This is an update to a story that originally appeared in the June print issue of the magazine. The original appears below. 

Who wants a dog park? Not these Melshire Estates neighbors.

The May 21 community meeting at Walnut Hill Recreation Center was standing-room-only, with homeowners invited to provide feedback to a panel of council members, park representatives and library directors.

The topic: Should a temporary dog park supported by private funding be built on unused neighborhood land purchased through the 2006 bond program for a future library? City bond elections have not funded the building of the library, and the site at Preston and Nuestra remains a vacant lot.

The panel included District 13 Council Member Jennifer Gates; District 11 Council Member Lee Kleinman; Jo Giudice, Library Department Director; Willis Winters, Park and Recreation Department Director; Robert Kent, North Texas Area Director for Trust for Public Land; Calvert Collins-Bratton, Dallas Park and Recreation Board member for District 13; Jeff Kitner, Dallas Park and Recreation Board Member for District 11; and Meredith Powell, Friends of the Northaven Trail board member and the person who spearheaded the dog park project.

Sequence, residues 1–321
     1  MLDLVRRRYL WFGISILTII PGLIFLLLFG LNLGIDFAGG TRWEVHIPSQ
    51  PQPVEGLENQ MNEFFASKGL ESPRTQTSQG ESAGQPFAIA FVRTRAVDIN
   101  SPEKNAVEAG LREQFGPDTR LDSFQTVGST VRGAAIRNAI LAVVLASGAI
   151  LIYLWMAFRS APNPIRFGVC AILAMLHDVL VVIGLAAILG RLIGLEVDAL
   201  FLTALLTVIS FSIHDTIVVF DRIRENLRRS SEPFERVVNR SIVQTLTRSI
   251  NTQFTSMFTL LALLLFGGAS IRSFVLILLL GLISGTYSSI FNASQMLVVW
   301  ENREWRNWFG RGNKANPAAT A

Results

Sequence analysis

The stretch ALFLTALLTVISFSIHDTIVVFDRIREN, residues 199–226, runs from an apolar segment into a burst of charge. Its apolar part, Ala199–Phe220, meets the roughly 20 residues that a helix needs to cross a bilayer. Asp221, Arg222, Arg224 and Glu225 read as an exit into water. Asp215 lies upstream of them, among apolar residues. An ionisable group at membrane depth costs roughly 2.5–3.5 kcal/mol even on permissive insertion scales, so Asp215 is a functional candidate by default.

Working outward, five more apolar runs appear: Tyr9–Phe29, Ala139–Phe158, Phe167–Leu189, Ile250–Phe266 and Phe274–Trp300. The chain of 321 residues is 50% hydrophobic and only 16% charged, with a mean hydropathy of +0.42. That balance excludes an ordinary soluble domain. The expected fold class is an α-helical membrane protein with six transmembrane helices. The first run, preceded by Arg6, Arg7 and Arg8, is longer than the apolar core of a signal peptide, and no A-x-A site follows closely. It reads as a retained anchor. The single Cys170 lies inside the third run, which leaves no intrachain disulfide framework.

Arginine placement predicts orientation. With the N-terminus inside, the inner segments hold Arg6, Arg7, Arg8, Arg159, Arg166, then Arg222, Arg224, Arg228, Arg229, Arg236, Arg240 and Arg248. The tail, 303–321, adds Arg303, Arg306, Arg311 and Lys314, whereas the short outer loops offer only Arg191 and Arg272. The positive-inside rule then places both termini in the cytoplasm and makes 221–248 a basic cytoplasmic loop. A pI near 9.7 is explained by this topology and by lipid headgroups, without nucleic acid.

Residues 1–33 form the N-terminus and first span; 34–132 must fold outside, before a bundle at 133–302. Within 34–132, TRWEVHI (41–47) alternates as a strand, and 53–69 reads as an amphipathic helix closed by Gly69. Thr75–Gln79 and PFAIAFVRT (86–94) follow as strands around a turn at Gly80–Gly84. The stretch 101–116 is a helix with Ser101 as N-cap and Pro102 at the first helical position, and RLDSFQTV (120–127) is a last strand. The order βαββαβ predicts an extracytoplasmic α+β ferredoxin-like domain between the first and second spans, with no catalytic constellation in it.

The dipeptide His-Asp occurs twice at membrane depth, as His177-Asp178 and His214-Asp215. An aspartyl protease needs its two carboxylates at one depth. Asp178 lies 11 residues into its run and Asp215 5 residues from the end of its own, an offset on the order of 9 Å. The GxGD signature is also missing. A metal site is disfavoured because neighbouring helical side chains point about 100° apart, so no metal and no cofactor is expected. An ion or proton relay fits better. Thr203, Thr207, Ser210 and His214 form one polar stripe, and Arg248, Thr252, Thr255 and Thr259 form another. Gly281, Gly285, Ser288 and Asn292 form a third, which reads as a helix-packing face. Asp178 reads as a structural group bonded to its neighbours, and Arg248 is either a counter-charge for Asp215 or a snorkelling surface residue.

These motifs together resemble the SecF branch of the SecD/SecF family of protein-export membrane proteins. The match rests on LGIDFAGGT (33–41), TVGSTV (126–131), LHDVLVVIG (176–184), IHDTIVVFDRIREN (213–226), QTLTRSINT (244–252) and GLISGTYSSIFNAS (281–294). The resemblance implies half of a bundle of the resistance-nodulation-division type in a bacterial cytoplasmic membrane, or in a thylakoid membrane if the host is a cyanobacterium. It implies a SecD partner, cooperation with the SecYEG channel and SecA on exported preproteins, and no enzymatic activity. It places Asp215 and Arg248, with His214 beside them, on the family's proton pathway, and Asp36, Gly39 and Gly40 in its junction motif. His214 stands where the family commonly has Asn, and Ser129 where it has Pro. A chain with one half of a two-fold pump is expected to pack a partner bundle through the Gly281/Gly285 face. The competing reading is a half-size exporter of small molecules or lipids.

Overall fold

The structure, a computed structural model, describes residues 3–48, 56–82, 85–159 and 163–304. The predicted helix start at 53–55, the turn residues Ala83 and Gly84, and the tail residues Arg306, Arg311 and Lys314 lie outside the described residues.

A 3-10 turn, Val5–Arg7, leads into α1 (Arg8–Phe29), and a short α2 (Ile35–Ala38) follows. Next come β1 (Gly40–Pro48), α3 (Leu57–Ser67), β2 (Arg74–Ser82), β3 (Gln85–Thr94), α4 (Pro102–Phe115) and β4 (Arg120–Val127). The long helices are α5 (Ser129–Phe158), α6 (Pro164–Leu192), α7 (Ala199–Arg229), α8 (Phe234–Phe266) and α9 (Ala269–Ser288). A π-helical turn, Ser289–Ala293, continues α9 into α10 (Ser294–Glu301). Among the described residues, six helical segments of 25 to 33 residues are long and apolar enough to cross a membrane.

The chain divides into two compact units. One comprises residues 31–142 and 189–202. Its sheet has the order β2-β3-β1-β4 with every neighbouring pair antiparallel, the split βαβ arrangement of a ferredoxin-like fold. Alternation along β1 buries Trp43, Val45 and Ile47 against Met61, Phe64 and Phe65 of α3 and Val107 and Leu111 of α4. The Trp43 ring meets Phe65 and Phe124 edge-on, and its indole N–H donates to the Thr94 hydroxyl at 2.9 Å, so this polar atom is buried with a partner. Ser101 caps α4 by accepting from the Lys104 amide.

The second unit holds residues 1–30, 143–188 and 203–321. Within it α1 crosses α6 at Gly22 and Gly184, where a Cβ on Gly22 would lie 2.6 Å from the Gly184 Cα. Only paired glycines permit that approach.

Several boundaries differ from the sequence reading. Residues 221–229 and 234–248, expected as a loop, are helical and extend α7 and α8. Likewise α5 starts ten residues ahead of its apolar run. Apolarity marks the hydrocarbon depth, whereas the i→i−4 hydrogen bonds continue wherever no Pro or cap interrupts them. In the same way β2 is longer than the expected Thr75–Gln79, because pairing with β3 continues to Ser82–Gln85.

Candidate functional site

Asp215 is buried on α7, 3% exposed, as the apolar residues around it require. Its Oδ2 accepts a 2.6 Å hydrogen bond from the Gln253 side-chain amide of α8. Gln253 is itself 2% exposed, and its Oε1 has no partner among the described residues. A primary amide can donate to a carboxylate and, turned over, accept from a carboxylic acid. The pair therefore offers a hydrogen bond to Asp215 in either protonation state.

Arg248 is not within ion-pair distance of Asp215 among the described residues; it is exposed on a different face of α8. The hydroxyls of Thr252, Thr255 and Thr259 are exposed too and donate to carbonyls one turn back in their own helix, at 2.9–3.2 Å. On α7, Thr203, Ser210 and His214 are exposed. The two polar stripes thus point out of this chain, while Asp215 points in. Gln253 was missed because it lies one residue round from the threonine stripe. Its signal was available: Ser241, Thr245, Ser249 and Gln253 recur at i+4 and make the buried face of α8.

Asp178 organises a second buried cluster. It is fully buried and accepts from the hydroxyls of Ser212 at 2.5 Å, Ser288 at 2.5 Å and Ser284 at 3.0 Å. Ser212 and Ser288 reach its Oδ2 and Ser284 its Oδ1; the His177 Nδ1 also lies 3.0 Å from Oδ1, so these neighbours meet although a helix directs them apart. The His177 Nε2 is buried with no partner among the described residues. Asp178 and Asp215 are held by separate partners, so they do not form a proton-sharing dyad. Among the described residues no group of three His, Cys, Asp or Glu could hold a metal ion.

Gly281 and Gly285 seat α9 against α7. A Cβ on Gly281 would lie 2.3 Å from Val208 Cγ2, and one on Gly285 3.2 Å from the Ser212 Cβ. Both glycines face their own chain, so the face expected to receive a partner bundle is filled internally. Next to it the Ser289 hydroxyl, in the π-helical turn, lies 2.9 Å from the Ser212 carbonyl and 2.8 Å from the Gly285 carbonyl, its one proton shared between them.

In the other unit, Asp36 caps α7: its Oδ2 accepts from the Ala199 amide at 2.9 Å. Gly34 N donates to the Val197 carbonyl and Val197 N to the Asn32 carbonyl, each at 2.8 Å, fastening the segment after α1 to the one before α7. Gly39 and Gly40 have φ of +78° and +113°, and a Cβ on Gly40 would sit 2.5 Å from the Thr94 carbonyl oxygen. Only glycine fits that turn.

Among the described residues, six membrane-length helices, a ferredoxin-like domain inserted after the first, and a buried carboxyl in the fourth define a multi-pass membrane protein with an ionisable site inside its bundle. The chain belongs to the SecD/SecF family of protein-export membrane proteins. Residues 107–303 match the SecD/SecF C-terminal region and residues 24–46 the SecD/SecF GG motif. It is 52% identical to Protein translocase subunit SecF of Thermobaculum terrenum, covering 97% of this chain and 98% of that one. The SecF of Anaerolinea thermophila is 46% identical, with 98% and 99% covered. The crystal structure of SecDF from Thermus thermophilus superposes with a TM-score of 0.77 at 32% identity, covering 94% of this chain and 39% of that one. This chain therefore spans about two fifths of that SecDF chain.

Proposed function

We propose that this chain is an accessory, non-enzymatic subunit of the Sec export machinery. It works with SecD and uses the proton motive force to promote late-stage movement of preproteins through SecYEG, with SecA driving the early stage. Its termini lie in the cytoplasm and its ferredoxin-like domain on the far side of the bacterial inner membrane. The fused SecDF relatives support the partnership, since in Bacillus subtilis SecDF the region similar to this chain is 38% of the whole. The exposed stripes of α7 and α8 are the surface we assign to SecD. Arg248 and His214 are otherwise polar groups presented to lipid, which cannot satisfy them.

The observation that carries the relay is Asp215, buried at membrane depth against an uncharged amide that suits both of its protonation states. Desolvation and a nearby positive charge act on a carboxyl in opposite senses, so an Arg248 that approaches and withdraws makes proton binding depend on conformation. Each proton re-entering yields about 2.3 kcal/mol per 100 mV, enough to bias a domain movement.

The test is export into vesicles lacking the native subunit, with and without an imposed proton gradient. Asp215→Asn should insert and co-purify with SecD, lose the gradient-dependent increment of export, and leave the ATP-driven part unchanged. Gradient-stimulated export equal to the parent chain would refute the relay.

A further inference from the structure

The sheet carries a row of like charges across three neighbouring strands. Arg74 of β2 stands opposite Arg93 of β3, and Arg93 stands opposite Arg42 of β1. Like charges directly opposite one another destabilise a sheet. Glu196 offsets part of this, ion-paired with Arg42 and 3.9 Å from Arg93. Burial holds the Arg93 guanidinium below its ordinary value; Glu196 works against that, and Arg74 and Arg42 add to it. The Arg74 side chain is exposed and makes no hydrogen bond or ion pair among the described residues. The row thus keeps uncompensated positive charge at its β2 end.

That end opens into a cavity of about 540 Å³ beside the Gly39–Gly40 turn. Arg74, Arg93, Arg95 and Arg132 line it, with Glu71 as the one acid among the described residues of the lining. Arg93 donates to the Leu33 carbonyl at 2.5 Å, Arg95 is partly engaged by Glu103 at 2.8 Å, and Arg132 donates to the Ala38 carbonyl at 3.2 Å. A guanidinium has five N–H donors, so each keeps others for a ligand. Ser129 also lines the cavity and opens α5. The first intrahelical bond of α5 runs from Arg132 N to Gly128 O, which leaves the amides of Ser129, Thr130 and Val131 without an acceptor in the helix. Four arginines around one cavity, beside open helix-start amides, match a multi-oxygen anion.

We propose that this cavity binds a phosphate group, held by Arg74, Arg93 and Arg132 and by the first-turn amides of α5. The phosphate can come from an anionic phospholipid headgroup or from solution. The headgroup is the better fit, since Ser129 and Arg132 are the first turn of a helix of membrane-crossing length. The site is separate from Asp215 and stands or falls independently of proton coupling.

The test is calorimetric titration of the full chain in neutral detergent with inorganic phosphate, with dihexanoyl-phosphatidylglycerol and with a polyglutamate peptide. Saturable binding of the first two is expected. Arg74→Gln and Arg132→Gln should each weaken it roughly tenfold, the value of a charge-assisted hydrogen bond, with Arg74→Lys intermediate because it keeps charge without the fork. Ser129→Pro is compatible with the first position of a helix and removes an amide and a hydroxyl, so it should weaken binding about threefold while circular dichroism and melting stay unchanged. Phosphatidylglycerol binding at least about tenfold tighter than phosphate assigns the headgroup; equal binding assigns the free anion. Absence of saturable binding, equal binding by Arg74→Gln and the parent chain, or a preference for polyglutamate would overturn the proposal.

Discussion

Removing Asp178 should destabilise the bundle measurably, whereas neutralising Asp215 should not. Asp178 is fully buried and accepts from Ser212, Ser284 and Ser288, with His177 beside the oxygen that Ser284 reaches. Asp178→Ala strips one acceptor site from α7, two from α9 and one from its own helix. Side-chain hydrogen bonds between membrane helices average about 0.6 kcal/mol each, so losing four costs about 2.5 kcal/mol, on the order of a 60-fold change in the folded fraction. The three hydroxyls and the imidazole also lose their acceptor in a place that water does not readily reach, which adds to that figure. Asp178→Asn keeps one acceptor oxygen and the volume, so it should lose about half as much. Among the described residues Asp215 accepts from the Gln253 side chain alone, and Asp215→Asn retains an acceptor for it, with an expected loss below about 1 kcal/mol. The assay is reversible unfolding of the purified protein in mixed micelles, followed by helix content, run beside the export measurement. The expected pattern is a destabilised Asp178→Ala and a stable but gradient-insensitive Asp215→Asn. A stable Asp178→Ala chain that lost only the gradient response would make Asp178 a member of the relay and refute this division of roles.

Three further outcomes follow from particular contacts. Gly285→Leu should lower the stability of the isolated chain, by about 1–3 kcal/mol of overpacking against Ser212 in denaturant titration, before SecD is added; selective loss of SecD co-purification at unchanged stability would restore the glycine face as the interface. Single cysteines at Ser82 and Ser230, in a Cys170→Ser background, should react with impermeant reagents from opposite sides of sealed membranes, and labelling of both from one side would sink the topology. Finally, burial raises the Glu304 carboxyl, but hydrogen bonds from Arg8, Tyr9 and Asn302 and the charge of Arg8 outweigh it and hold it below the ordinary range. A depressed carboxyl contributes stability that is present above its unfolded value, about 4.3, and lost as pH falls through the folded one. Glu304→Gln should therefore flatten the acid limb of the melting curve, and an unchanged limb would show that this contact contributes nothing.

As panel members made their presentations, neighbors frequently interrupted with boos, backtalk and questions.

The bottom line: Many neighbors in the meeting don’t want a dog park in this space. Gates, who moderated the panel, said after 55 minutes of discussion the City needs to address what to do with the land.

Options discussed at the meeting include:

• Selling the land and using the money to upgrade the Preston Royal Library, built in 1964.
• Retaining the property, creating a library close to the Dallas North Tollway and using the remaining land for a dog park.
• Creating a park.
• Finding another property for the library.
• Finding another property for a dog park.

“This was a private opportunity that had come forward,” Gates said at the end of the meeting. “It’s not going to move forward if it’s in my district, and I oppose it. I wanted to hear back from the community before I move forward.”

At the end of the meeting, Powell said the pop-up dog park scheduled at the site June 2 has been canceled. She said there is support for a dog park in the area, and she will continue researching options and other locations.


WHO LET THE DOGS OUT?

Photo by Danny Fulgencio

Stella got her groove back during puppy yoga on the Northaven Trail. 

The 13-pound Catahoula hound was running across the field when she captured the attention of yoga teacher Meredith Powell, vice president of events for the Friends of Northaven Trail. Powell, who lives near Hillcrest and Royal, always wanted a Catahoula hound. The Operation Kindness adoption was a match. Now 62 pounds, Stella likes to snuggle, play with her toys and run. But the nearest dog parks are on Keller Springs or near White Rock Lake. Sometimes, Powell takes Stella to Hillcrest High School to play.